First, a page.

From Conservation of linear momentum we have:

$\overrightarrow{{p}_{A}}+\overrightarrow{{p}_{B}}=\overrightarrow{K}$

where $\overrightarrow{k}$ is a constant vector. Now,

$d\overrightarrow{{p}_{A}}+d\overrightarrow{{p}_{B}}=0$

Or,

$d\overrightarrow{{p}_{B}}=-d\overrightarrow{{p}_{A}}$

Or,

$\mid d\overrightarrow{{p}_{B}}\mid =\mid d\overrightarrow{{p}_{A}}\mid \phantom{\rule{thickmathspace}{0ex}}\phantom{\rule{thickmathspace}{0ex}}\phantom{\rule{thickmathspace}{0ex}}\phantom{\rule{thickmathspace}{0ex}}\phantom{\rule{thickmathspace}{0ex}}\phantom{\rule{thickmathspace}{0ex}}(4)$

Applying relations $(3)$ and $(4)$ to $(1)$ and $(2)$ we have:

$\frac{{E}_{A}}{{E}_{B}}=\frac{\mid \overrightarrow{{p}_{A}}\mid}{\mid \overrightarrow{{p}_{B}}\mid}\phantom{\rule{thickmathspace}{0ex}}\phantom{\rule{thickmathspace}{0ex}}\phantom{\rule{thickmathspace}{0ex}}\phantom{\rule{thickmathspace}{0ex}}\phantom{\rule{thickmathspace}{0ex}}\phantom{\rule{thickmathspace}{0ex}}\phantom{\rule{thickmathspace}{0ex}}\phantom{\rule{thickmathspace}{0ex}}(5)$

A pair of particles cannot interact unless relation $(5)$ is satisfied. Can we conclude that that relation $(5)$ to be a restriction for $1D$ collisions?

Now let's move to the general type of $3$d collisions between a pair of particles $A$ and $B$.

A frame is chosen where the particle $B$ is initially at rest in it.

${E}_{B}d{E}_{B}=\overrightarrow{{p}_{B}}\cdot d\overrightarrow{{p}_{B}}\phantom{\rule{thickmathspace}{0ex}}\phantom{\rule{thickmathspace}{0ex}}\phantom{\rule{thickmathspace}{0ex}}\phantom{\rule{thickmathspace}{0ex}}\phantom{\rule{thickmathspace}{0ex}}(6)$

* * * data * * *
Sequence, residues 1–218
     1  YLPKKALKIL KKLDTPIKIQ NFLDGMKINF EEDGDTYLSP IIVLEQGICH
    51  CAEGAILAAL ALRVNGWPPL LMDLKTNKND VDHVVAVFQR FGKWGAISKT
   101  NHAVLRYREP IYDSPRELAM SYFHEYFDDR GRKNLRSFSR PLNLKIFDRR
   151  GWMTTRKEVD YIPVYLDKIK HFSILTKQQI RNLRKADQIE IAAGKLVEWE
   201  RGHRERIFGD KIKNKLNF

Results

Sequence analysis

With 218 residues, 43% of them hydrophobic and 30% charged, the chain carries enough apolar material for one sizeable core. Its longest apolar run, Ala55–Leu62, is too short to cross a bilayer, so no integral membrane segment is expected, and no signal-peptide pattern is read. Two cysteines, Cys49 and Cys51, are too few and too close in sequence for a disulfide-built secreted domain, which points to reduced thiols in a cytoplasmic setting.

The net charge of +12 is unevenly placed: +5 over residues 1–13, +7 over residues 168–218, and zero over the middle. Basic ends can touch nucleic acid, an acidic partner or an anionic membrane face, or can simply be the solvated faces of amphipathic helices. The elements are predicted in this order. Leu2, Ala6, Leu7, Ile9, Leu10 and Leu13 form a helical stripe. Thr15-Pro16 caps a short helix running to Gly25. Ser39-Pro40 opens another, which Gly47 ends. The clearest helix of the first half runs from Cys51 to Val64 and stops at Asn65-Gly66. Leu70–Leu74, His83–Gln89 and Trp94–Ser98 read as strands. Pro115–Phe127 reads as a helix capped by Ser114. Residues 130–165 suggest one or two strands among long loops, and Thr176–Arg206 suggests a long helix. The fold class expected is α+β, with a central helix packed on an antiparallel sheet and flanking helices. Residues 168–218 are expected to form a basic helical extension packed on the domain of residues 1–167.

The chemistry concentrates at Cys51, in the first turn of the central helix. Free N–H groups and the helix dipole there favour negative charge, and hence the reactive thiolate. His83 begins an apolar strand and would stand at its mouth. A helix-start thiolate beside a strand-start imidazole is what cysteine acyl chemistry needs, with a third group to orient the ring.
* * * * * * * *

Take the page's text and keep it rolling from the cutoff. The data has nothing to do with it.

If the particle $B$ is initially at rest the RHS of $(6)$ is zero. But the LHS cannot be zero unless $d{E}_{B}=0$.

How does one get round this problem?

${E}^{2}={p}^{2}+{m}_{0}^{2}$

$EdE=pdp$

For particle $A$:

${E}_{A}d{E}_{A}={p}_{A}d{p}_{A}\phantom{\rule{thickmathspace}{0ex}}\phantom{\rule{thickmathspace}{0ex}}\phantom{\rule{thickmathspace}{0ex}}\phantom{\rule{thickmathspace}{0ex}}\phantom{\rule{thickmathspace}{0ex}}\phantom{\rule{thickmathspace}{0ex}}(1)$

For Particle $B$:

${E}_{B}d{E}_{B}={p}_{B}d{p}_{B}\phantom{\rule{thickmathspace}{0ex}}\phantom{\rule{thickmathspace}{0ex}}\phantom{\rule{thickmathspace}{0ex}}\phantom{\rule{thickmathspace}{0ex}}\phantom{\rule{thickmathspace}{0ex}}\phantom{\rule{thickmathspace}{0ex}}(2)$

Now

$\mid d{E}_{A}\mid =\mid d{E}_{B}\mid \phantom{\rule{thickmathspace}{0ex}}\phantom{\rule{thickmathspace}{0ex}}\phantom{\rule{thickmathspace}{0ex}}\phantom{\rule{thickmathspace}{0ex}}\phantom{\rule{thickmathspace}{0ex}}\phantom{\rule{thickmathspace}{0ex}}(3)$

From Conservation of linear momentum we have:

$\overrightarrow{{p}_{A}}+\overrightarrow{{p}_{B}}=\overrightarrow{K}$

where $\overrightarrow{k}$ is a constant vector. Now,

$d\overrightarrow{{p}_{A}}+d\overrightarrow{{p}_{B}}=0$

Or,

$d\overrightarrow{{p}_{B}}=-d\overrightarrow{{p}_{A}}$

Or,

$\mid d\overrightarrow{{p}_{B}}\mid =\mid d\overrightarrow{{p}_{A}}\mid \phantom{\rule{thickmathspace}{0ex}}\phantom{\rule{thickmathspace}{0ex}}\phantom{\rule{thickmathspace}{0ex}}\phantom{\rule{thickmathspace}{0ex}}\phantom{\rule{thickmathspace}{0ex}}\phantom{\rule{thickmathspace}{0ex}}(4)$

Applying relations $(3)$ and $(4)$ to $(1)$ and $(2)$ we have:

$\frac{{E}_{A}}{{E}_{B}}=\frac{\mid \overrightarrow{{p}_{A}}\mid}{\mid \overrightarrow{{p}_{B}}\mid}\phantom{\rule{thickmathspace}{0ex}}\phantom{\rule{thickmathspace}{0ex}}\phantom{\rule{thickmathspace}{0ex}}\phantom{\rule{thickmathspace}{0ex}}\phantom{\rule{thickmathspace}{0ex}}\phantom{\rule{thickmathspace}{0ex}}\phantom{\rule{thickmathspace}{0ex}}\phantom{\rule{thickmathspace}{0ex}}(5)$

A pair of particles cannot interact unless relation $(5)$ is satisfied. Can we conclude that that relation $(5)$ to be a restriction for $1D$ collisions?

Now let's move to the general type of $3$d collisions between a pair of particles $A$ and $B$.

A frame is chosen where the particle $B$ is initially at rest in it.

${E}_{B}d{E}_{B}=\overrightarrow{{p}_{B}}\cdot d\overrightarrow{{p}_{B}}\phantom{\rule{thickmathspace}{0ex}}\phantom{\rule{thickmathspace}{0ex}}\phantom{\rule{thickmathspace}{0ex}}\phantom{\rule{thickmathspace}{0ex}}\phantom{\rule{thickmathspace}{0ex}}(6)$

If the particle $B$ is initially at rest the RHS of $(6)$ is zero. But the LHS cannot be zero unless $d{E}_{B}=0$.

How does one get round this problem?